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TEI urges retention of the LIFO inventory method.

On June 9, 2006, Tax Executives Institute President Michael P. Boyle submitted the following letter to Senators Charles Grassley and Max Baucus, Chair and Ranking Member of the Senate Finance Committee, respectively, urging retention of the LIFO method of accounting.

On behalf of Tax Executives Institute (TEI), I am writing to urge that the Last-In, First-Out (LIFO) inventory accounting method be retained as part of the Internal Revenue Code. A proposal to repeal the LIFO method was included in proposed legislation entitled the Gas Price Relief and Rebate Act of 2006, but was subsequently withdrawn in order to afford Congress additional time to study the LIFO method's utility and purposes. As the preeminent global association of in-house business tax professionals, the Institute believes that repealing the LIFO method--which the Code has permitted for nearly seven decades--would adversely affect many business taxpayers by increasing their tax bills, potentially leading to a significant loss of U.S.-based jobs.

Tax Executives Institute is dedicated to the development and effective implementation of sound tax policy, to promoting the uniform and equitable enforcement of the tax laws, and to reducing the costs and burdens of administration and compliance to the benefit of taxpayers and government alike. TEI's 6,000 members represent 2,800 of the leading companies in the United States, Canada, Europe, and Asia. The Institute is committed to maintaining a system that works--one that builds upon the principle of voluntary compliance and is consistent with sound tax policy, one that taxpayers can comply with, and one in which the IRS can effectively perform its audit function without unduly burdening taxpayers.

Stated simply, TEI believes the inclusion of the LIFO repeal proposal in the Gas Price Relief and Rebate Act was misguided. The objective of the LIFO accounting method is to permit taxpayers to properly match their current sales revenues with the current replacement costs and thereby compute--and pay taxes on--a meaningful gross profit amount. Under LIFO, changing prices for various components of manufactured or purchased inventory are reflected immediately in the cost of goods sold rather than being capitalized in inventory. As a result, in a period of rising prices, the LIFO method tempers the distortive effect of inflation on the taxpayer's reported profits. Under the LIFO method, U.S. businesses are able to recoup more quickly the rapid increases in the replacement cost of the products they manufacture or purchase. (1)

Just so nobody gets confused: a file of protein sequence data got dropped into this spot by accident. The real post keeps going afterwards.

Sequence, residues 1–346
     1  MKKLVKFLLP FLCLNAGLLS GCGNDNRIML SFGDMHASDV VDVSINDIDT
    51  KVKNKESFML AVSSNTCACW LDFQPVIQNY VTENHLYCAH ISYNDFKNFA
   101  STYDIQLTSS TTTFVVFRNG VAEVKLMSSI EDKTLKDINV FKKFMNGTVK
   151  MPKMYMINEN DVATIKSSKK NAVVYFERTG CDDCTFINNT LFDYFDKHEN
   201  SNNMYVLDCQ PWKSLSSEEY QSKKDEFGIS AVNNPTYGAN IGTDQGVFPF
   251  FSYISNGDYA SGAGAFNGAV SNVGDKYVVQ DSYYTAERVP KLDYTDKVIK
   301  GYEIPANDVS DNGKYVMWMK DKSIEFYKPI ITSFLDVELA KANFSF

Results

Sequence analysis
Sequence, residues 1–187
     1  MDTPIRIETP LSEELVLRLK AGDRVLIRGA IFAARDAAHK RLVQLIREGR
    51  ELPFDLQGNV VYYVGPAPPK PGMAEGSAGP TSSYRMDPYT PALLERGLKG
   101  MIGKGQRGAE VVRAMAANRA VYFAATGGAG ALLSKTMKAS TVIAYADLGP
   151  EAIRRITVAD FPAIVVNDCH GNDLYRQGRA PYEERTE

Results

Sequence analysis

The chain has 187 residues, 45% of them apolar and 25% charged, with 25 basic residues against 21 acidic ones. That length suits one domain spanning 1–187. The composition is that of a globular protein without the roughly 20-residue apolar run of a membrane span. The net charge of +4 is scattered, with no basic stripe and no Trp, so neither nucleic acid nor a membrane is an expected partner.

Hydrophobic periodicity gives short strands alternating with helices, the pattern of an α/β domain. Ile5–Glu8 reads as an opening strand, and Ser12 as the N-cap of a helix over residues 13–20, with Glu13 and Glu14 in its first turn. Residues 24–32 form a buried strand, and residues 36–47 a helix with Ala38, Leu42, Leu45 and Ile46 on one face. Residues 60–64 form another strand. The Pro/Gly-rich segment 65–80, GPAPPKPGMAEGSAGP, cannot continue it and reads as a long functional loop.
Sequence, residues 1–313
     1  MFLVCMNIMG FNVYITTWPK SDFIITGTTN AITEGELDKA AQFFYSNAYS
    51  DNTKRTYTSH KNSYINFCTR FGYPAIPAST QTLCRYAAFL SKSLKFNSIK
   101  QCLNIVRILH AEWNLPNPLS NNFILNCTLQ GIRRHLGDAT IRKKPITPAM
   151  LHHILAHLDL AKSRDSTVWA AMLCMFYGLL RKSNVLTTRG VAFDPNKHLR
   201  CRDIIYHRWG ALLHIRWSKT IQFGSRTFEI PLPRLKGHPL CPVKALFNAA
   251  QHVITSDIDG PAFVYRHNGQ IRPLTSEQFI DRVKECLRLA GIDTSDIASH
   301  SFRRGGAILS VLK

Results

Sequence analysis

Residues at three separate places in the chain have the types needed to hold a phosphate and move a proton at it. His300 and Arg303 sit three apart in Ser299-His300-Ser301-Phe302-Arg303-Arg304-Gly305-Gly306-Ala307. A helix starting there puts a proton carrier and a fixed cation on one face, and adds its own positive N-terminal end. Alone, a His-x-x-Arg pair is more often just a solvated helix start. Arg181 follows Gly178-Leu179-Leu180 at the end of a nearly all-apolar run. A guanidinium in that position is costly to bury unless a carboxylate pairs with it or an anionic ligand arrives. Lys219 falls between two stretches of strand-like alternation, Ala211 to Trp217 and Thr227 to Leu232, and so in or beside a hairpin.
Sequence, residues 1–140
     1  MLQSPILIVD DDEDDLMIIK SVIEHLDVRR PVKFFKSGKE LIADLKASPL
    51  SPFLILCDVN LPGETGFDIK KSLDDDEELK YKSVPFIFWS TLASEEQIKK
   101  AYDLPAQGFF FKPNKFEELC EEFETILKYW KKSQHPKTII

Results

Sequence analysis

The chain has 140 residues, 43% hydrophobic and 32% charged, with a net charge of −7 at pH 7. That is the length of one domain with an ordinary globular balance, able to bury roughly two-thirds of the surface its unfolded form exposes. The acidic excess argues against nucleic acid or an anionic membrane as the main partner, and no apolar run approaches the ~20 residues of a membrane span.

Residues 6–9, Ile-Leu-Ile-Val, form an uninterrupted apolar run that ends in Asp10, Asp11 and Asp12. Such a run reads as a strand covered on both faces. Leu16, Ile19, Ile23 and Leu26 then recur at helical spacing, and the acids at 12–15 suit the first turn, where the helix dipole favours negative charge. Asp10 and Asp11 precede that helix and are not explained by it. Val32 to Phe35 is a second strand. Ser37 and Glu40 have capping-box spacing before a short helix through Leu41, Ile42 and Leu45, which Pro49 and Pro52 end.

The LIFO accounting method for inventories was first permitted in the Revenue Act of 1938 and was quickly extended to all taxpayers in the Internal Revenue Code of 1939. Section 472 of the Code continues to the current day --without material change--the 1939 codification of the LIFO method. Because of its longstanding acceptance, the LIFO method is widely used by many taxpayers, including large and small businesses, public and private, alike. Indeed, the LIFO method is likely the predominant method of accounting in industries that carry inventories of goods, especially those engaged in manufacturing, mining, wholesaling, retailing, distribution, and energy production.

Repeal of the LIFO method would increase the tax bills of many U.S. companies in two ways. First, the accumulated LIFO reserve--the difference between the dollar value of the inventory under the First-In, First Out (FIFO) accounting method and the dollar value of the LIFO-based inventory--would be subject to tax on a one-time basis. Absent a special transition rule, the LIFO reserve would be included in income and either taxed immediately or over the four-year period set by the IRS for changes in accounting method. In addition, on a prospective basis, because taxpayers would no longer be able to match current replacement costs with current revenues, they would be taxed on the appreciation in the value of their inventory investments. (2)